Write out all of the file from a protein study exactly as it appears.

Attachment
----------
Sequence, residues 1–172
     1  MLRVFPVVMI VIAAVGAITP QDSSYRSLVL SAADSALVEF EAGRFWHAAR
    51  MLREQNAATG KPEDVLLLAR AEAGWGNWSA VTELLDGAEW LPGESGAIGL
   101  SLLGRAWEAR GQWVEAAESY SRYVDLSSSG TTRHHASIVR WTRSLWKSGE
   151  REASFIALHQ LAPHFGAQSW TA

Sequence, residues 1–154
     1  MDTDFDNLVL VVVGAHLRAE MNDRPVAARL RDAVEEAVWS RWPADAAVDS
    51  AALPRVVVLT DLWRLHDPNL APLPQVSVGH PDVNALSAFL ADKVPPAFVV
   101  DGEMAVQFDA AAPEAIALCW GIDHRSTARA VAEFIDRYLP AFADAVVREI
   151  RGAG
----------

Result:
Sequence, residues 1–172
     1  MLRVFPVVMI VIAAVGAITP QDSSYRSLVL SAADSALVEF EAGRFWHAAR
    51  MLREQNAATG KPEDVLLLAR AEAGWGNWSA VTELLDGAEW LPGESGAIGL
   101  SLLGRAWEAR GQWVEAAESY SRYVDLSSSG TTRHHASIVR WTRSLWKSGE
   151  REASFIALHQ LAPHFGAQSW TA

Sequence, residues 1–154
     1  MDTDFDNLVL VVVGAHLRAE MNDRPVAARL RDAVEEAVWS RWPADAAVDS
    51  AALPRVVVLT DLWRLHDPNL APLPQVSVGH PDVNALSAFL ADKVPPAFVV
   101  DGEMAVQFDA AAPEAIALCW GIDHRSTARA VAEFIDRYLP AFADAVVREI
   151  RGAG